59. 59. 1.Cyanosis other than the hands and feet. Cyanosis of the hands and feet should disappear when the infant cries. If the infant turns blue while crying, this is abnormal. 2.Respiratory grunting – noisy respiration 3.More than 50 (tachypnea) and less than 30 (bradypnea) breaths per minute. Anaesthetics and analgesics given to the mother during labor tend to slow down respiration of the newborn because of their depressant effect.
  60. 60. 1.Adventitious Chest Sounds in newborns:  Rhonchi – a coarse snoring sound caused by air passing through mucus in a major air passage, this is usually normal during the first 24 to 48 hours in a newborn infant  Rales – crackling sound caused by air passing through the fluid filled alveoli. It may be a manifestation of unabsorbed lung fluid and pneumonia  Stridor – a high crowing sound (rooster-like) heard on inspiration caused by narrowing of the air passages. It may be a sign of beginning obstruction.
  61. 61.  Wheezing – a whistling sound heard on inspiration caused by air being pushed through narrowed bronchioles. May be a sign of obstruction.  Grunting – a grunt heard on inspiration caused by air pushed through a partially closed glottis. May be a sign of respiratory distress syndrome.  Absent/diminished breath sounds occur when air is not entering a lung or lobe of a lung on one side. May be a sign of atelectasis.
  62. 62. HEART RATE 1.Full term infants have heart rate that ranges from 120 to 150 bpm approx. the same as FHR. It may go down as slow as 80 bpm when infant is asleep and may go up to as high as 160 bpm when he is vigorously crying. It slows down during infancy period 2. Rhythm is char. as sinus arrhythmia, rate increasing with inspiration and decreasing when expiration.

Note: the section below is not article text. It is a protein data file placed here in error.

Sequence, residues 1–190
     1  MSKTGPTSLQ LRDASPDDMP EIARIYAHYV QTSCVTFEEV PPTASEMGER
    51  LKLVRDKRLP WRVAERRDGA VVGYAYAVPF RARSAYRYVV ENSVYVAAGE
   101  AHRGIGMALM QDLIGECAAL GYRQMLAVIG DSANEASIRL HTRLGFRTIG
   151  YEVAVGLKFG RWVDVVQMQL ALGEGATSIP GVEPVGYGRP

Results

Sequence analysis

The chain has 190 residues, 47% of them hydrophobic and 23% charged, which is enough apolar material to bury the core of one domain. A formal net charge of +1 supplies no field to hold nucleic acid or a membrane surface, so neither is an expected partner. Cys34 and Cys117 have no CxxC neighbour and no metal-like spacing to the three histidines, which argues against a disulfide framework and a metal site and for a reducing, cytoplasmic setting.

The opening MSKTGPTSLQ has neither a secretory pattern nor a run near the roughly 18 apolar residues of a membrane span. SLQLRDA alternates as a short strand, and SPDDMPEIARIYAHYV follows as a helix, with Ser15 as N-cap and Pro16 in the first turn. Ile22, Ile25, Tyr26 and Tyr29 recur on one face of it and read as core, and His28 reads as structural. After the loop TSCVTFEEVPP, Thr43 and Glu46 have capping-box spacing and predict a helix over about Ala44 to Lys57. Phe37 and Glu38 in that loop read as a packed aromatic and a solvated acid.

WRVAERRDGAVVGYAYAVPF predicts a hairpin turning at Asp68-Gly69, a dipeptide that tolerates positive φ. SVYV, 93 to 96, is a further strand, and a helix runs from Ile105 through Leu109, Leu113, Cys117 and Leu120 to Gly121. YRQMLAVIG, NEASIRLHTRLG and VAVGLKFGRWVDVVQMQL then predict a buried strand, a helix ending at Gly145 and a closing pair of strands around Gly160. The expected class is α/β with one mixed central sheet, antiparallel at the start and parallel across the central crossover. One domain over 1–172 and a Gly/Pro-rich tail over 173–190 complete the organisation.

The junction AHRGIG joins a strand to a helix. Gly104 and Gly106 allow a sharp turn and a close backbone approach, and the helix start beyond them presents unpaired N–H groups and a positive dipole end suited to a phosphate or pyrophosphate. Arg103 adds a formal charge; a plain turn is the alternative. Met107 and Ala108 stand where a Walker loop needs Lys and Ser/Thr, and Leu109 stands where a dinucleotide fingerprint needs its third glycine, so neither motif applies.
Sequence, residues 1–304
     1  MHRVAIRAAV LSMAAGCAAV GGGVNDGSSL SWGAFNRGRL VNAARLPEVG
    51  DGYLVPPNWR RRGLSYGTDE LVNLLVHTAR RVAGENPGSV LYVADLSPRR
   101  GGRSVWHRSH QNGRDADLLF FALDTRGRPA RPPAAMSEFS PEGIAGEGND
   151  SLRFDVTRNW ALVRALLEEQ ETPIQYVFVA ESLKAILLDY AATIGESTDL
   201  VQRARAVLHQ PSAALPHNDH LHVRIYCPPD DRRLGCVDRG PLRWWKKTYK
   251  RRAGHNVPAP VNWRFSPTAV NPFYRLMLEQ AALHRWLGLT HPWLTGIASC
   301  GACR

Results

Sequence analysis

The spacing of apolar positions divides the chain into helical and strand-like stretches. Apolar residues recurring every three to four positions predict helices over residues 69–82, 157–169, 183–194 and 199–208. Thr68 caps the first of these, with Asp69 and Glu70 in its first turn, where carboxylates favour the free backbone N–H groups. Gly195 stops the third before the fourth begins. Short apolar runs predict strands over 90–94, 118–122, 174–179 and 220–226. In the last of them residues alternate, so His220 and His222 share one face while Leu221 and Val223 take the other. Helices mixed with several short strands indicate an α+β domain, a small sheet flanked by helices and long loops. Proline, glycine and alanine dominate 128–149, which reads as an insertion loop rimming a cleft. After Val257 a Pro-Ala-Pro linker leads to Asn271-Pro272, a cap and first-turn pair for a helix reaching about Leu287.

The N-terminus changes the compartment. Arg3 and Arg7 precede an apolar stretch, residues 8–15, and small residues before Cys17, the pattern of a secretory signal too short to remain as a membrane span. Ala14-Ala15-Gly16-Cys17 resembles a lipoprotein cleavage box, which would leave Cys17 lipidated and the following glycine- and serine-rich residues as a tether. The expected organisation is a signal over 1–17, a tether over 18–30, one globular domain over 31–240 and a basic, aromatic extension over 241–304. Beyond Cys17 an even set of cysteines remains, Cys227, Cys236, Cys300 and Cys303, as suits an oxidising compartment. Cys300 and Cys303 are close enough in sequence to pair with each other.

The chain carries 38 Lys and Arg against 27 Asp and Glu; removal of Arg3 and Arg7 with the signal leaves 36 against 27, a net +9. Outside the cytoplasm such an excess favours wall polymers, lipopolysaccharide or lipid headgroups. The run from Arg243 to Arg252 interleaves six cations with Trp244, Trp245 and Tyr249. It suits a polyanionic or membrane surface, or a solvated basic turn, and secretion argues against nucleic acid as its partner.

63. 63. 3. Newborn heartbeat is often irregular and heart murmurs may be heard until 6 months of age. 4. Take apical pulse and respiratory rate first while he is asleep to obtain accurate results. Take temp last as the infant may struggle with the placement of thermometer in the axilla.
  64. 64. BLOOD PRESSURE 1.BP at birth is approx. 80/40 mmHg rising to 100/50 mmHg by the 10th day of life. In the 1st week of life, BP may be slightly higher in lower extremities than the upper. 2.Pulse pressure is obtained by subtracting the diastolic pressure to the systolic pressure. For the term infant a wide PP is 25-30 mmHg and in pre- term, is 15-25 mmHg 3.BP is not routinely measured in newborns unless a cardiac anomaly is suspected or present.
  65. 65. 4. Systolic pressure increases during the first 2 months and diastolic pressure during the first 3 months before gradually rising again. 5.Abnormal finding: Calf systolic pressure 6-9 mmHg than systolic pressure in upper extremities may be indicative of coarctation of the aorta.
  66. 66. HEAD
  67. 67. The newborn’s head is disproportionately larger than the body because it is about one fourth of the total body length compared to being one eight only in adult.